The talk was part of the session “Social Network Perspective of Strategic Human Capital” organized by the Strategic Human Capital Interest Group of the Strategic Management Society. The session consisted of four presentations research about social networks and human capital.
Gender Differences in the Use of Social Contacts in the Job Search Process
Authors. Kira Choi - EMLYON Business School
Abstract. Who is more likely to use social contacts to search for jobs, and why is this the case? Despite substantial evidence that social contacts improve individuals’ success in the process of job-seeking in various ways, previous studies point out that individuals with more social capital are not more likely to use social contacts to search for jobs than those with less social capital. By using records of job search activities on an online hiring platform, this paper seeks to explore variations in job seekers’ decisions to use recommendation letters in their job search process as well as their implications.
Differential Investments in and Returns to Social Capital for Men and Women
Authors. Paola Criscuolo - Imperial College London, Bill McEvily - University of Toronto, Brian Silverman - University of Toronto, Anne ter Wal - Imperial College London
Abstract. Two themes have emerged from organizational research on gender-based differences in social networks: women and men differ in the type of networks built and the extent of benefits realized from networks. We propose an analytical approach to distinguish between these differences in a way that permits a more precise estimate of each effect than has been achieved in prior research. We employ the Blinder-Oaxaca decomposition method to decompose the performance consequences of men’s and women’s social networks into the portion attributable to differences in networks built and in network payoffs. Our results indicate that roughly one-third of the difference between men’s and women’s rank within the organization is associated with differences in the networks built, and nearly two-thirds is associated with network payoffs.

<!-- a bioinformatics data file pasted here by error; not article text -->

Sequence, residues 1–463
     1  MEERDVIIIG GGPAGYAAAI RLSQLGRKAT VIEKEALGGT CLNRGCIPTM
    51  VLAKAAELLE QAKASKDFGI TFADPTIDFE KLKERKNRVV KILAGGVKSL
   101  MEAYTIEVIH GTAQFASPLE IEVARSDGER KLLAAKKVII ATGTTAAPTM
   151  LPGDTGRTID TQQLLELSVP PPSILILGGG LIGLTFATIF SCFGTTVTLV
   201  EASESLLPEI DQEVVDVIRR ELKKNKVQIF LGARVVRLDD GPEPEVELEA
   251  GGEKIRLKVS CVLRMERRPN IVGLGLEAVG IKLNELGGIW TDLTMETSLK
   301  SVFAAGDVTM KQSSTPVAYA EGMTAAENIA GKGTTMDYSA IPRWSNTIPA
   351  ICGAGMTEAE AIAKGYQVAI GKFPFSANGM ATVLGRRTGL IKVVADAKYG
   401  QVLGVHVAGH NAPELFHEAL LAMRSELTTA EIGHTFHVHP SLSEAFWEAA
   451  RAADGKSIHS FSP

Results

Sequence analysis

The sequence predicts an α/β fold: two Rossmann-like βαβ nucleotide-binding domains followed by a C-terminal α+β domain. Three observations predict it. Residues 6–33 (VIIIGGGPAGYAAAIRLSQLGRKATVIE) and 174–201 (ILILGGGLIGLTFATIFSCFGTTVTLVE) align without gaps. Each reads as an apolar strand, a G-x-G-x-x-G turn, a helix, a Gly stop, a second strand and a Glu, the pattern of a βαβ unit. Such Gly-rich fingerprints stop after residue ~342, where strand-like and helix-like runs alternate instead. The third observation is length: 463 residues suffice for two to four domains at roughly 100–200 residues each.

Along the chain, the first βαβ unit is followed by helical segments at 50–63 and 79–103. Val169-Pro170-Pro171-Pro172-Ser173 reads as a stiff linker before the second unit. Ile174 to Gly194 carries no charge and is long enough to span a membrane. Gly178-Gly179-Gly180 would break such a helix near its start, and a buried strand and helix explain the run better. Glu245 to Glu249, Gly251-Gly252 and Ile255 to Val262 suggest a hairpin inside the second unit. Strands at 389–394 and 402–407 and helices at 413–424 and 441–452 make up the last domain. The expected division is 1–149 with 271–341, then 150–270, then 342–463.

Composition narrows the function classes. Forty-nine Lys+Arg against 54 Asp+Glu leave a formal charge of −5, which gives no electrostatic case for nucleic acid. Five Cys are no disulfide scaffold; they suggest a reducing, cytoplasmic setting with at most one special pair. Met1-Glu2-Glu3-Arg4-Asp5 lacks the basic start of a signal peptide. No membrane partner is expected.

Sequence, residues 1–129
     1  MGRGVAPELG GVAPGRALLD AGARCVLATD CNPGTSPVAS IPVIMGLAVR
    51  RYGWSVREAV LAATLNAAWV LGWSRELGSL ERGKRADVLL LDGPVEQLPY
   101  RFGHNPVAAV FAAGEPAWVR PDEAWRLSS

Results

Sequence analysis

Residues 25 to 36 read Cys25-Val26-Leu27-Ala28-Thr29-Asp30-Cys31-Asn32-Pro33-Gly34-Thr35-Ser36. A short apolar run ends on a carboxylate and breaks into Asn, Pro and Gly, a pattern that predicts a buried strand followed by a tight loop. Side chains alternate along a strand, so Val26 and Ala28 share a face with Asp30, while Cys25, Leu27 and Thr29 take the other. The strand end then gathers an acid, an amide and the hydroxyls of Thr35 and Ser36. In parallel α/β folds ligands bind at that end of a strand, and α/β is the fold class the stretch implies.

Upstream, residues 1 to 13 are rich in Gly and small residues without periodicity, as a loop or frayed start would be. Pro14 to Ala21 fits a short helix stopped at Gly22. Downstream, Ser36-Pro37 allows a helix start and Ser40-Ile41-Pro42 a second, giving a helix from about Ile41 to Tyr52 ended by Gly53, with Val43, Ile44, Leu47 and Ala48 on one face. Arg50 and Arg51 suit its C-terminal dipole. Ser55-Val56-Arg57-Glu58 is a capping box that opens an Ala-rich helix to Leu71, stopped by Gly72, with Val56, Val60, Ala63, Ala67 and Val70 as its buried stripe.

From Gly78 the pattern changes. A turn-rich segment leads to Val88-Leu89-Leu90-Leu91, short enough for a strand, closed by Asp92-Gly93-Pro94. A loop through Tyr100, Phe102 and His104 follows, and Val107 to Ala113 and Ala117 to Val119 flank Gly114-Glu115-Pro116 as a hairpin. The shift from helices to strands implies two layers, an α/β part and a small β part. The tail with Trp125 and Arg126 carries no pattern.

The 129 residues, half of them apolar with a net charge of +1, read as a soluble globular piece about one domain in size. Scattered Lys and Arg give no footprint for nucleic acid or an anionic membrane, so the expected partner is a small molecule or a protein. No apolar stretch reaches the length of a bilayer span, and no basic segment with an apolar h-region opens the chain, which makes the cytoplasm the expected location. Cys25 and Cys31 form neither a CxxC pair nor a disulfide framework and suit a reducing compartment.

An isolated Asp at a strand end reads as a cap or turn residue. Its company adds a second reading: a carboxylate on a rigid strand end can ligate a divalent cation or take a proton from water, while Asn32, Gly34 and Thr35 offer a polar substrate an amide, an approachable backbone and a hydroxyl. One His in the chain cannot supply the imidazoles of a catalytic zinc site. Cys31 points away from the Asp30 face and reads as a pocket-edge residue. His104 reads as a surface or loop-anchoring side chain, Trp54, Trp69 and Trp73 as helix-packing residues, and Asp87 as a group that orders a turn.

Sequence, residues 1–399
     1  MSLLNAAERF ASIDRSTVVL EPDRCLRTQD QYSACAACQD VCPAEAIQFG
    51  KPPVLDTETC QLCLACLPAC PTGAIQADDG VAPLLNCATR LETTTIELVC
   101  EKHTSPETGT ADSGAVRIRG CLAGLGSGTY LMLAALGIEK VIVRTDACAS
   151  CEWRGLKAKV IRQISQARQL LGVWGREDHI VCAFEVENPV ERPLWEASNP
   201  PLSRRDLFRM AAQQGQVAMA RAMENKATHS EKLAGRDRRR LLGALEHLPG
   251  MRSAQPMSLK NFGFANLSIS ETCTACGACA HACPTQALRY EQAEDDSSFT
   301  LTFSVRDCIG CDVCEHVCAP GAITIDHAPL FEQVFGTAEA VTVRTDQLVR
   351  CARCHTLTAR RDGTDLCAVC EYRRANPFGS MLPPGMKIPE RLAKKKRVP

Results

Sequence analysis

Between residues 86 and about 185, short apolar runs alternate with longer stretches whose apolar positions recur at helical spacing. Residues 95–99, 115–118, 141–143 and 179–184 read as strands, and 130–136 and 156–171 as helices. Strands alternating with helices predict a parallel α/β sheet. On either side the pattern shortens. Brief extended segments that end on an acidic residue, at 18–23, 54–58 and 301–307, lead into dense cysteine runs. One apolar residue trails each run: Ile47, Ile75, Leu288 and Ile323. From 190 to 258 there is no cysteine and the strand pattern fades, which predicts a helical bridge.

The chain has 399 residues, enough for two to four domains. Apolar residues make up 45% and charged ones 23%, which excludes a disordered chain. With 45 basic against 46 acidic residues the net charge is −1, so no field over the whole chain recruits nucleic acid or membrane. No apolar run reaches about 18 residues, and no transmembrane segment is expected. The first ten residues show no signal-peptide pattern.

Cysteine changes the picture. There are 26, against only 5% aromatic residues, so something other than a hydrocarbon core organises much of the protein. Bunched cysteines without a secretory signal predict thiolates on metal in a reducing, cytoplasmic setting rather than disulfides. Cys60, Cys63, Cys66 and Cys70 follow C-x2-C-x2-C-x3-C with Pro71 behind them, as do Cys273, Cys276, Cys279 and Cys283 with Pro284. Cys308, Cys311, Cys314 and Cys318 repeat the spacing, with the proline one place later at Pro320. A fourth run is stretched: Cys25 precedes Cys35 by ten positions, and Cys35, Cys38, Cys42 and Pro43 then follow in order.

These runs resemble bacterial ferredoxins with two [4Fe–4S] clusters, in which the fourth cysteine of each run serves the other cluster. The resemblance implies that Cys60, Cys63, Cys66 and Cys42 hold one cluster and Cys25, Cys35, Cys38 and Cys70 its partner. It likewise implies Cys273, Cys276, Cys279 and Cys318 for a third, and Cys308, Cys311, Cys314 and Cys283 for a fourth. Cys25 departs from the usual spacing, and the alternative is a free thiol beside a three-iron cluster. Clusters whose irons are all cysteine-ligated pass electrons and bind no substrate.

Human Capital Comparison and Turnover Contagion: Evidence from the U.S. Accounting Auditors
Authors. Pingshu Li - University of Texas at Rio Grande Valley, Juan Mao - University of Texas at San Antonio
Abstract. According to social comparison theory, employees compare not only their job attitudes but also their abilities. As such, this paper investigates the relationship between individual human capital comparison and turnover contagion. We propose that human capital similarity between a focal employee and a coworker who quits is positively related to turnover contagion. We further hypothesize that work interactions and multilevel contingency factors, including focal employee’s performance level, referent coworker’s performance level and job placement, and unit-level turnover rate and capability, will moderate this relationship. We will use a large representative dataset from the U.S. accounting firms to test these hypotheses. This study makes contributions to research in turnover contagion and collective turnover.
Who Steps Up After a Merger? A Social Network Perspective on Post-merger Taking Charge Behavior
Authors. Stefan Breet - Radboud University Nijmegen, Lotte Glaser - Erasmus University Rotterdam, Justin Jansen - Erasmus University Rotterdam
Abstract. Although prior research on mergers and acquisitions (M&As) has suggested that cross-legacy boundary-spanners serve as organizational change agents, an emerging line of research highlights the costs of developing and maintaining boundary-spanning ties. Building on the social networks and organizational identification literatures, we develop a social network perspective on cross-legacy boundary-spanning and post-merger taking charge behavior. Our initial analysis of the social network of a post-merger organization suggests that cross-legacy boundary-spanning has a negative effect on taking charge behavior, while proximity to boundary-spanners has a positive effect. Our study also suggests that the positive effect of proximity on taking charge behavior is strongest for employees who weakly identify with the new organization.